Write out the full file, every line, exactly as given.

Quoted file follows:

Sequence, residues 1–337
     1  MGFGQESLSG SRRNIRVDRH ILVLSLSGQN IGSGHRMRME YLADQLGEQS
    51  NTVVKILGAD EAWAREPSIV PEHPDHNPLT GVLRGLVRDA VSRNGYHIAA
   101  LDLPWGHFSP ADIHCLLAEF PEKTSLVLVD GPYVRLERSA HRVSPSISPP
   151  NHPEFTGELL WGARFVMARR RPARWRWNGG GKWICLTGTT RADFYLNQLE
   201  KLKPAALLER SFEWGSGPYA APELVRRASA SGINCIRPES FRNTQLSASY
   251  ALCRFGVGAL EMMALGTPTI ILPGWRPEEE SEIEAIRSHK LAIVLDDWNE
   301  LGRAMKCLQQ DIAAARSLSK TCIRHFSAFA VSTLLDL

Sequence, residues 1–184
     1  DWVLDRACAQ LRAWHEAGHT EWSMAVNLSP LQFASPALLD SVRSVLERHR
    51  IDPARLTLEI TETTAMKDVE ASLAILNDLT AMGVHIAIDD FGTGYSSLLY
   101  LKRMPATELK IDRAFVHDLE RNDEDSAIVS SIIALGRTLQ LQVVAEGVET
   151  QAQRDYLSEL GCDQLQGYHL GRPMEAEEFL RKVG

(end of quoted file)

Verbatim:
Sequence, residues 1–337
     1  MGFGQESLSG SRRNIRVDRH ILVLSLSGQN IGSGHRMRME YLADQLGEQS
    51  NTVVKILGAD EAWAREPSIV PEHPDHNPLT GVLRGLVRDA VSRNGYHIAA
   101  LDLPWGHFSP ADIHCLLAEF PEKTSLVLVD GPYVRLERSA HRVSPSISPP
   151  NHPEFTGELL WGARFVMARR RPARWRWNGG GKWICLTGTT RADFYLNQLE
   201  KLKPAALLER SFEWGSGPYA APELVRRASA SGINCIRPES FRNTQLSASY
   251  ALCRFGVGAL EMMALGTPTI ILPGWRPEEE SEIEAIRSHK LAIVLDDWNE
   301  LGRAMKCLQQ DIAAARSLSK TCIRHFSAFA VSTLLDL

Sequence, residues 1–184
     1  DWVLDRACAQ LRAWHEAGHT EWSMAVNLSP LQFASPALLD SVRSVLERHR
    51  IDPARLTLEI TETTAMKDVE ASLAILNDLT AMGVHIAIDD FGTGYSSLLY
   101  LKRMPATELK IDRAFVHDLE RNDEDSAIVS SIIALGRTLQ LQVVAEGVET
   151  QAQRDYLSEL GCDQLQGYHL GRPMEAEEFL RKVG